The abusive practices by Malta are part and parcel of wider efforts by EU member states and institutions to outsource the control of the central Mediterranean to Libya, in order that EU-supported Libyan authorities might intercept refugees and migrants at sea before they reach Europe”, the NGO said.

They said that this year, 7,256 people were pulled back to Libya by the Libyan Coast Guard.

The NGO referred to a case they called ‘The Easter Monday pushback’, saying that this illustrates the “desperate lengths to which the Maltese authorities are willing to go to prevent people arriving on their shores.”

The case refers to 15 April earlier this year, when a group of 51 people, including seven women and three children, were rescued. It was reported that five migrants were found in the boat dead, with survivors saying another seven people were missing. The survivors were reportedly returned to Tripoli “after being rescued in Malta’s search and rescue region” by the commercial fishing boat Dar Al Salam 1.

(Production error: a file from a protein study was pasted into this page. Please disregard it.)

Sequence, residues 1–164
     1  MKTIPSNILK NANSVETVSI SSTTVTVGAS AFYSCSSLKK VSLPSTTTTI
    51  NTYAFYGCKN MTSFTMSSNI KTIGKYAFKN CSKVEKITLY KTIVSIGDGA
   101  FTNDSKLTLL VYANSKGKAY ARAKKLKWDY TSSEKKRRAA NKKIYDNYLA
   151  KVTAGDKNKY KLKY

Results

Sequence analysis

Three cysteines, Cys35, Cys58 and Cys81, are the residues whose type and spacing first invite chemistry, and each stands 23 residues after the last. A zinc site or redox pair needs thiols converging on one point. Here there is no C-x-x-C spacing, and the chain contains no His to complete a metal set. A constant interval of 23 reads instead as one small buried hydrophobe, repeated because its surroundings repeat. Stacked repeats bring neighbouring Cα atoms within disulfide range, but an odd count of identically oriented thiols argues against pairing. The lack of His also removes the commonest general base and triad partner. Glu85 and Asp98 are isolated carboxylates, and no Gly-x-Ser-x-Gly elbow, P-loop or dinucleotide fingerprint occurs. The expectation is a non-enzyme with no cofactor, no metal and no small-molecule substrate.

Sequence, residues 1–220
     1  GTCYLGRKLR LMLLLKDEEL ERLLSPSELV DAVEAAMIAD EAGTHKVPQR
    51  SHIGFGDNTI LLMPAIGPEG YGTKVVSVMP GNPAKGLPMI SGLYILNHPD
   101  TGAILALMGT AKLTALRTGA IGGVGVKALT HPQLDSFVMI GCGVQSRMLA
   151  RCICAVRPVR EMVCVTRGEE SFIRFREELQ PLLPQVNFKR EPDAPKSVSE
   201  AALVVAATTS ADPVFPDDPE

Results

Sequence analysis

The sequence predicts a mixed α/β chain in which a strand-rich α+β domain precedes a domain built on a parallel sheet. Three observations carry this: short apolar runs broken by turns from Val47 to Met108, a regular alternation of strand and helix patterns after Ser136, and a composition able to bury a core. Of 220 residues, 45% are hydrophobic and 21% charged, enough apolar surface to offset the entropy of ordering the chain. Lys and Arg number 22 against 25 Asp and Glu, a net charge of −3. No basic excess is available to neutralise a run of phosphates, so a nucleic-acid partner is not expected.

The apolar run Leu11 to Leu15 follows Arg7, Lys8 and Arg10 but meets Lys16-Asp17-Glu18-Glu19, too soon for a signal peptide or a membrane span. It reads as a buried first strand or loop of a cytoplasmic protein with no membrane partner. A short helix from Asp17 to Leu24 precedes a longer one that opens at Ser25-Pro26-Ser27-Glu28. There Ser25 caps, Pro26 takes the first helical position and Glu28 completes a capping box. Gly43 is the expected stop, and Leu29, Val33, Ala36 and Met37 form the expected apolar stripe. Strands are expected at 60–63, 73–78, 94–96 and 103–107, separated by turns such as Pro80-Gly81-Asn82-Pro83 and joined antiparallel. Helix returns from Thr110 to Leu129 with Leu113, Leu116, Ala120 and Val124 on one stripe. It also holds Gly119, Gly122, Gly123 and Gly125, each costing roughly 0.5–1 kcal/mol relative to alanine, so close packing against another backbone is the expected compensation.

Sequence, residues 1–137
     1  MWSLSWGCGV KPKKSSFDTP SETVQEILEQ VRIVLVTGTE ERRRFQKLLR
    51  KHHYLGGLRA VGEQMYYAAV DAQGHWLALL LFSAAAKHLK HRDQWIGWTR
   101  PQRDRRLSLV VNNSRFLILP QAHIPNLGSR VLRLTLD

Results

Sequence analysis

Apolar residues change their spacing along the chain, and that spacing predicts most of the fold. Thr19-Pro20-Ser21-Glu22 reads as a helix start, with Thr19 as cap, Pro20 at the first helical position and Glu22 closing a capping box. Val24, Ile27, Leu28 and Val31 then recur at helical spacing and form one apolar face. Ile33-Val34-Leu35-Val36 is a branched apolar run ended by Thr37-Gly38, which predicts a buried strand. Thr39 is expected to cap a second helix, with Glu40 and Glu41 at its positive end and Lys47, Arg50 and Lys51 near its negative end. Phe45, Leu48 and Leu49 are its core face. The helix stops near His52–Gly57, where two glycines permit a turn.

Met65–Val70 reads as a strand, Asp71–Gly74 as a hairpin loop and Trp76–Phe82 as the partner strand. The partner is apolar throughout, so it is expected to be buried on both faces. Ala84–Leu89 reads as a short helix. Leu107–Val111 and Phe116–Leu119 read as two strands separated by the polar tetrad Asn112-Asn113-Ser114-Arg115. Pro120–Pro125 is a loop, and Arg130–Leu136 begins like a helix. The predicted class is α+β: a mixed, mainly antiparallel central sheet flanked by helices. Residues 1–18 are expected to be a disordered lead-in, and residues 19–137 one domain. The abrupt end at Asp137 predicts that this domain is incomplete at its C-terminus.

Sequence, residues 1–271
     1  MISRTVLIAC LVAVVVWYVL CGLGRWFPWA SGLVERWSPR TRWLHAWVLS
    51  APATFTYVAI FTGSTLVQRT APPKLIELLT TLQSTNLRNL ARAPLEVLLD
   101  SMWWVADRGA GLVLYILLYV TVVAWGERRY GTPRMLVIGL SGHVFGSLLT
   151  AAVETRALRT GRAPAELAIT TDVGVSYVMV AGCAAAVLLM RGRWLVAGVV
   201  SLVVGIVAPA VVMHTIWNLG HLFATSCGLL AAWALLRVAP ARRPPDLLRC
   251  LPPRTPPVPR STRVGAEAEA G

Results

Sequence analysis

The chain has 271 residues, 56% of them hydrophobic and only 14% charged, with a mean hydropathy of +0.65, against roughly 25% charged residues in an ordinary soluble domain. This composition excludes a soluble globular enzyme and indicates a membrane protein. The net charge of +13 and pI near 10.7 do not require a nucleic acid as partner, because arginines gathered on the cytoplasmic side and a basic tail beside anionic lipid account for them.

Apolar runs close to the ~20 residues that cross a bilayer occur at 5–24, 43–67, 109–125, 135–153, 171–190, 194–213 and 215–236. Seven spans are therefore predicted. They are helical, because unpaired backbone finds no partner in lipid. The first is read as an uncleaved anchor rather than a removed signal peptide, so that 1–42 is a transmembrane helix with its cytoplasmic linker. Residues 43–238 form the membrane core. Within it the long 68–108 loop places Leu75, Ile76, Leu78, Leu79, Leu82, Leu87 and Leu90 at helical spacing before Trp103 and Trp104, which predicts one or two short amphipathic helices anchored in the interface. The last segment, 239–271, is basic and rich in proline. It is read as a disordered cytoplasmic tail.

The boat was reported by the Times of Malta to have been sent by Maltese authorities to ‘assist’ migrants, but ended up taking them back to Libya instead.

A magisterial inquiry was launched after the NGO Repubblika alleged that the actions of Prime Minister Robert Abela and AFM Brigadier Jeffrey Curmi had caused the death of the migrants. 

The inquiry found no evidence to substantiate the claims, although the NGO protested that the inquiry itself was incomplete and that Magistrate Joe Mifsud had sought to absolve Abela of “the mortal consequences of his actions.”

In their recommendations at the end of the report, Amnesty International said that Malta should ensure that “thorough, independent and impartial criminal investigations are conducted and that, where there is admissible evidence available, suspects are brought to justice in a fair trial for charges that reflect the gravity of the human rights violations involved.”

They also called on Malta to provide adequate reparations to survivors and the families of the victims in line with international standards; and to publicly acknowledge “the unlawfulness of the policies and practices which led to the human rights violations described in this report.”